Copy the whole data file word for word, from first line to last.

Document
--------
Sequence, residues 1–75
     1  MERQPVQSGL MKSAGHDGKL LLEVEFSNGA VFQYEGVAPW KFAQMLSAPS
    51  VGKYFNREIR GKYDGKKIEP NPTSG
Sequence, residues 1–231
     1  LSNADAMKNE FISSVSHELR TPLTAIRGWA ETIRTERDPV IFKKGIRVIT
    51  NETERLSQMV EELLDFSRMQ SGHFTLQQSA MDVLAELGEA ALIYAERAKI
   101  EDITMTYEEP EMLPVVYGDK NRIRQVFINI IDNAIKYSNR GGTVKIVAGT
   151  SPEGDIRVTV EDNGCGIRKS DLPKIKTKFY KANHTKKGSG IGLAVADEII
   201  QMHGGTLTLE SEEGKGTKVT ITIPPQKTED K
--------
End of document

Sequence, residues 1–75
     1  MERQPVQSGL MKSAGHDGKL LLEVEFSNGA VFQYEGVAPW KFAQMLSAPS
    51  VGKYFNREIR GKYDGKKIEP NPTSG
Sequence, residues 1–231
     1  LSNADAMKNE FISSVSHELR TPLTAIRGWA ETIRTERDPV IFKKGIRVIT
    51  NETERLSQMV EELLDFSRMQ SGHFTLQQSA MDVLAELGEA ALIYAERAKI
   101  EDITMTYEEP EMLPVVYGDK NRIRQVFINI IDNAIKYSNR GGTVKIVAGT
   151  SPEGDIRVTV EDNGCGIRKS DLPKIKTKFY KANHTKKGSG IGLAVADEII
   201  QMHGGTLTLE SEEGKGTKVT ITIPPQKTED K